One by one, they emerged from the forest edge onto the distant savanna, dark shadows moving with a lively bobbling gait. By the upright posture, the babies riding on the shoulders of adults, heads held high, these were likely gorillas. Binoculars confirmed my guess as a family of at least eight individuals struck off across the savanna, three infants riding bareback on the shoulders of three mothers, a juvenile, possibly two, racing ahead, and finally the immense silverback shuffling up from the rear. At four hundred meters, the shapes were easily identifiable as primate, though subsequent photographs left detail to be desired. The silverback paused midway across the savanna, sitting on his haunches while apparently waiting for a juvenile that had fallen behind. I could see it studying my shape far off across the savanna, but with distance and wind in my favor, it failed to alarm. The juvenile raced past the silverback, which then resumed a powerful shuffle at the back of the procession. They were entering into forest I had just left. Thinking they may circle north, I doubled back into this forest to find a hide on the edge of an internal savanna, waiting for two hours in hopes of another glimpse.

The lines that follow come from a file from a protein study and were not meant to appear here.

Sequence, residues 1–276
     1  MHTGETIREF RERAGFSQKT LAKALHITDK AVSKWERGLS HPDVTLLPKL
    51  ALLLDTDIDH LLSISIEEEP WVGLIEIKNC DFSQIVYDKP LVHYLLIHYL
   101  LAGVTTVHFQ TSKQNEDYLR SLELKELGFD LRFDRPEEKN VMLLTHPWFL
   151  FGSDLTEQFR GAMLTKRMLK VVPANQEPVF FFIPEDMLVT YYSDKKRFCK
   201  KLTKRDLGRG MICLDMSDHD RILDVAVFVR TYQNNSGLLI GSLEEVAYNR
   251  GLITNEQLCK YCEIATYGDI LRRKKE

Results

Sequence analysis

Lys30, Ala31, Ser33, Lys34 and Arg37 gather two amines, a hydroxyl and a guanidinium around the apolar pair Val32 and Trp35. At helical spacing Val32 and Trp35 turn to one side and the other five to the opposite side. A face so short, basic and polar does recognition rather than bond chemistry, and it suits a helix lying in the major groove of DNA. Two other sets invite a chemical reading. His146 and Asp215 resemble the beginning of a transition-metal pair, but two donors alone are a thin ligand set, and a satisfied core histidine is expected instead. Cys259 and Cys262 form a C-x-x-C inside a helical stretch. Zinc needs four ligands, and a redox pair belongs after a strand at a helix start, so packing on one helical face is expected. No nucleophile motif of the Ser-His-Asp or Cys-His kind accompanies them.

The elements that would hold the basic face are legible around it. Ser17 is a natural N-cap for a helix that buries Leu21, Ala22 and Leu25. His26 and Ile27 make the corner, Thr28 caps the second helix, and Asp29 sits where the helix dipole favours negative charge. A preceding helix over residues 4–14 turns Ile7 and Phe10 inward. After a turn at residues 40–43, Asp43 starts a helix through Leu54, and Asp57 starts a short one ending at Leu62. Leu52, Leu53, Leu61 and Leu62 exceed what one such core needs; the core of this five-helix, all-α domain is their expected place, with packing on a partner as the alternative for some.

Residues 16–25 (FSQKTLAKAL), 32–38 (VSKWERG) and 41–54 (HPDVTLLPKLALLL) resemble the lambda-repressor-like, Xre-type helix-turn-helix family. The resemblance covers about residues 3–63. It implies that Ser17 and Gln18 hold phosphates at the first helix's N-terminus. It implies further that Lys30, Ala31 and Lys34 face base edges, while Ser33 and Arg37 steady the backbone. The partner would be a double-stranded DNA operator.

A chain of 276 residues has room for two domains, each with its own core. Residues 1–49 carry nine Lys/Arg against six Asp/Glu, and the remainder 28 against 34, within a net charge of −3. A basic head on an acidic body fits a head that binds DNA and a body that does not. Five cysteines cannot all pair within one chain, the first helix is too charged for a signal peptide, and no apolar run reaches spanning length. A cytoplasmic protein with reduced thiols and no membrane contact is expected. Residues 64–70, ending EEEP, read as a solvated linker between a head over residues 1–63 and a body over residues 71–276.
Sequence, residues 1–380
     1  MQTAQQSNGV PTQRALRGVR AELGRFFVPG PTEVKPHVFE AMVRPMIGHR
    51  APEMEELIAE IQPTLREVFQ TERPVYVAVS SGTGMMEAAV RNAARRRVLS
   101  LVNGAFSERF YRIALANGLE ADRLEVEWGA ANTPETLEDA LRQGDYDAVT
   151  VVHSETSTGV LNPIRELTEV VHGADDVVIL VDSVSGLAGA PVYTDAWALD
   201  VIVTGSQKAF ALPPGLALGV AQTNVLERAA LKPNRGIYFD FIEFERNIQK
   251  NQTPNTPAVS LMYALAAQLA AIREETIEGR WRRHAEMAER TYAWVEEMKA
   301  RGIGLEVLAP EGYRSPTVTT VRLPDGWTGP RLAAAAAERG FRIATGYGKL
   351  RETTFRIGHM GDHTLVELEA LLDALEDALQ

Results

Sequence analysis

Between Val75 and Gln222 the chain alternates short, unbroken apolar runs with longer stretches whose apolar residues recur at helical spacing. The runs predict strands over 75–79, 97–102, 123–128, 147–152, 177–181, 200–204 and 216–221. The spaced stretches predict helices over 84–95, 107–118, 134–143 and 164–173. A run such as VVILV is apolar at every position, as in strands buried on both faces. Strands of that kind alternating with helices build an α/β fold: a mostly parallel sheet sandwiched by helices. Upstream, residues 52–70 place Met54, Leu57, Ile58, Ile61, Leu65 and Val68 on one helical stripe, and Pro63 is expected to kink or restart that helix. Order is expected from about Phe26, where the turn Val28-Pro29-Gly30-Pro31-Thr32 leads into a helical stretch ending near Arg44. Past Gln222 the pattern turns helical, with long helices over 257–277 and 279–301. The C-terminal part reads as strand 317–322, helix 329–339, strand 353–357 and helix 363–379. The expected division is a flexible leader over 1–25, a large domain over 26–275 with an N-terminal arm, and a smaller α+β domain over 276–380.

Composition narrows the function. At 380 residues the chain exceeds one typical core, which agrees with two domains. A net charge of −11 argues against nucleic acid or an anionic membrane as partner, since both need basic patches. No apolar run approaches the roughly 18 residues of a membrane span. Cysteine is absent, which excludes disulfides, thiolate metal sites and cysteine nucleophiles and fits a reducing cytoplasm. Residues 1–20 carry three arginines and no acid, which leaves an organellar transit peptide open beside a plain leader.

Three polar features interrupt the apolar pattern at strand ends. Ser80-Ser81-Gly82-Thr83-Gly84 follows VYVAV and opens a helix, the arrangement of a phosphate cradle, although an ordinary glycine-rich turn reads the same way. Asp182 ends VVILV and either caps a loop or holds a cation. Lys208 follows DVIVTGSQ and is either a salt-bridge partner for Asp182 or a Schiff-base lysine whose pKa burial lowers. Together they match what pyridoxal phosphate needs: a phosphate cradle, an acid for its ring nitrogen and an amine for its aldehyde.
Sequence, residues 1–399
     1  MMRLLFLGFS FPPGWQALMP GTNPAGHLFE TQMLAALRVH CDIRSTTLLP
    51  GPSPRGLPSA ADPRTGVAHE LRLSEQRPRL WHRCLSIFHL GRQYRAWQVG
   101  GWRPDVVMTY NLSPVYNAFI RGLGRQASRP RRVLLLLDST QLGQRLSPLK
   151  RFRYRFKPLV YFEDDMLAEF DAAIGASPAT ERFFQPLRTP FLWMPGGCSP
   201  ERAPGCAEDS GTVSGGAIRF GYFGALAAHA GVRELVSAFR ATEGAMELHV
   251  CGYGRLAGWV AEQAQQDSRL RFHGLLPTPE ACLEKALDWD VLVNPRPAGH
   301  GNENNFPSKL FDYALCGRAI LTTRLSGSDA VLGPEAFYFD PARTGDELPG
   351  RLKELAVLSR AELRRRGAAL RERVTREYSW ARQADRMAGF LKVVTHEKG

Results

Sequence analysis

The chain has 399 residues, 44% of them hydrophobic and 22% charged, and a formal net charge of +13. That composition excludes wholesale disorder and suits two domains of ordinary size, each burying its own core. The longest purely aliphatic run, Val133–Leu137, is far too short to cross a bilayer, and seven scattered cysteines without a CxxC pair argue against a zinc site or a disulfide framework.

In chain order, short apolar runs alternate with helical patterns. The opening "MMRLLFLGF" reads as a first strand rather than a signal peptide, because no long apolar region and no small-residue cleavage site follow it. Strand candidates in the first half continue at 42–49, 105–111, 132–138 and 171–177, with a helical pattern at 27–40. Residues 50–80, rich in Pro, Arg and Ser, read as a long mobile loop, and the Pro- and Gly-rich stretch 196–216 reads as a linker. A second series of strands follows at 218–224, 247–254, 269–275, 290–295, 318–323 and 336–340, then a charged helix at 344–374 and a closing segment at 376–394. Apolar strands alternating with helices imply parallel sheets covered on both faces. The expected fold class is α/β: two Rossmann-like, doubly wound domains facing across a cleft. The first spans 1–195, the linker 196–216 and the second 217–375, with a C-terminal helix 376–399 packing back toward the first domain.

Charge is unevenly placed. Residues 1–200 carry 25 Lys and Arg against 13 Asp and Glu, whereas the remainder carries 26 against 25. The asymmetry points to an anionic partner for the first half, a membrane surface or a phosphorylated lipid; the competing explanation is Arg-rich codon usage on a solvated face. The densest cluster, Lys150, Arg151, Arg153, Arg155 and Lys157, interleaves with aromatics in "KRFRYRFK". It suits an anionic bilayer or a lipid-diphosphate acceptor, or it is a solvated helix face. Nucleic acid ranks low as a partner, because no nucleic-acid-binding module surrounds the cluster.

This is likely the family recorded on the camera traps I have set here, and I am pleased to see that the group is still present. I was returning from replacing batteries and memory cards on the two cameras in this forest. These cameras would later download to show the family recorded over several days in the past two weeks, passing back and forth before the lenses. In addition, sitatunga, chevrotain, porcupine, mangabeys, and elephants managed to record on the cameras. An impressive cast of characters to call this expanse of forest home.
Today the gorillas didn’t reappear as I waited, but it is enough to know they are nearby. They will hopefully return, and so will I.
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